storing winter-growing bulbs during dormancy

Fri, 26 Oct 2012 18:52:23 PDT

There is a summer suite of weeds in SoCal (*Chamaesyce maculata, Portulaca
oleracea*, most grasses) that are long day plants. A corresponding (and
apparently larger) number of weeds are winter obligates. Their respective
cues are not dissimilar to those that distinguish summer and winter bulbs.

I don't know a lot about water but enough to know that it is a complex
subject. The potential harm or benefit of "hard water" depends on what is
in it. If it is mainly calcium and magnesium, e.g., it is much less likely
to be of concern to bulb growers. In fact these minerals are needed so that
such water may be better than water stripped of its suspended solids. If
the solids are heavy in sodium it is bad news for most plants. Fortunately,
the contortions that growers of other groups like orchids, ferns, etc., go
through to obtain pure water are not a concern for most of us.

An important consideration is the pH of the medium itself. An acidic mix
can offset alkaline water. When testing water it is advisable to test the
"hose end" product as well as the leachate-- the water that comes out of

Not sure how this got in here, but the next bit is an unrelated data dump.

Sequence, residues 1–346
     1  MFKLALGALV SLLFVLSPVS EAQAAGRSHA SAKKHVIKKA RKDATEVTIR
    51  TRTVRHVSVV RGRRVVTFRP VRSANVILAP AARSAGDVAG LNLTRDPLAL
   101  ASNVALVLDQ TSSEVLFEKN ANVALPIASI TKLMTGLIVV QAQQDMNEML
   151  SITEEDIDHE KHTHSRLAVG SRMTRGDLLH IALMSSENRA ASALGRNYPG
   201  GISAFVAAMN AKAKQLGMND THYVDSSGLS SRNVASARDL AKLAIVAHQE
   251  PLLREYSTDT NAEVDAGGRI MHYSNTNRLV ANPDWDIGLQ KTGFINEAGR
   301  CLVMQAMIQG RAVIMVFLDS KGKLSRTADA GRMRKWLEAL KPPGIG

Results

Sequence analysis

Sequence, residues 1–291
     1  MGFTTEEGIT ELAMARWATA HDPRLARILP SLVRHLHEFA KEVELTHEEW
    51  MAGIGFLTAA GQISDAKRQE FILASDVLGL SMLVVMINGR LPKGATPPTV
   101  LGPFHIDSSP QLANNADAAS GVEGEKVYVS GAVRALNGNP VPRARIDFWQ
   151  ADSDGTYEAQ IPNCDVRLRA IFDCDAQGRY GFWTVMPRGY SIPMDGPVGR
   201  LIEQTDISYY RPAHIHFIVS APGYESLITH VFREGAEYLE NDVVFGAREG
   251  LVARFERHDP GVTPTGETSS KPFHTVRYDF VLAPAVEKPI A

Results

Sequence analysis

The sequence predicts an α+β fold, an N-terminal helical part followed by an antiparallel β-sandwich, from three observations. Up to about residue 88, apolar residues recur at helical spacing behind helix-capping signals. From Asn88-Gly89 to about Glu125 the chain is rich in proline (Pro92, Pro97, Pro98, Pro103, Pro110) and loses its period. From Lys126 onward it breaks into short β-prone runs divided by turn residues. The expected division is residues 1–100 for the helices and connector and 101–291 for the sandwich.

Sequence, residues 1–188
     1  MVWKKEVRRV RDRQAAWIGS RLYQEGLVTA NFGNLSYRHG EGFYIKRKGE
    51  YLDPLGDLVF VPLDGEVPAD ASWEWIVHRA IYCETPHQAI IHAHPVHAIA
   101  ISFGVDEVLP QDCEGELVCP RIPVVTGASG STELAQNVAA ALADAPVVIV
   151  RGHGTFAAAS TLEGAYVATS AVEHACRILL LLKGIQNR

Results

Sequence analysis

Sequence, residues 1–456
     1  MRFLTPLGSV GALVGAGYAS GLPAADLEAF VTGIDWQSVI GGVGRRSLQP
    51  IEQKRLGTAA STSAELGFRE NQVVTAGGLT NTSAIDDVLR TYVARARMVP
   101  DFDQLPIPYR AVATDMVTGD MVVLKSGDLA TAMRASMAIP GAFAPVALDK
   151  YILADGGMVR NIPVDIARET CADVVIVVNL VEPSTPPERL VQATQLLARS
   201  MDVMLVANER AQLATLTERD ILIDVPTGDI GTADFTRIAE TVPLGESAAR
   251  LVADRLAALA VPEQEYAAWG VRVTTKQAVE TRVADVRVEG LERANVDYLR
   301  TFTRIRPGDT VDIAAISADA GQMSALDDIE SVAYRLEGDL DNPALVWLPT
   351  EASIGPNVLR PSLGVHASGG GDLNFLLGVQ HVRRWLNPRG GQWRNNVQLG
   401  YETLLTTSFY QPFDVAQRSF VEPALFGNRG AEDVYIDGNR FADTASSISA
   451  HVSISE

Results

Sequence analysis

the drainage holes.


On 26 October 2012 18:12, Tim Harvey <> wrote:

> Joe,
> Can you provide more details - controls, types and numbers of seed used?
> What do you think is the mechanism whereby hard water prevents absorption
> by seeds?
> I water all my seeds with hard, alkaline city tap water and have excellent
> results from many genera and families, not just bulbs.
> Like many bulbs, California weeds are also adapted to its climate, and
> many don't germinate in summer even if watered.
>  T
> > From:
> > I have experimented growing seeds with tap water and distilled and/or
> rain water. The difference can be amazing. It is much more difficult for
> seeds to absorb tap water because of its 'hardness'. > I believe this is
> the reason that I can water my gardens with tap water all summer with few
> weeds germinating. With the first rains of fall weeds are germinating
> everywhere!! Joe, Oceanside, CA
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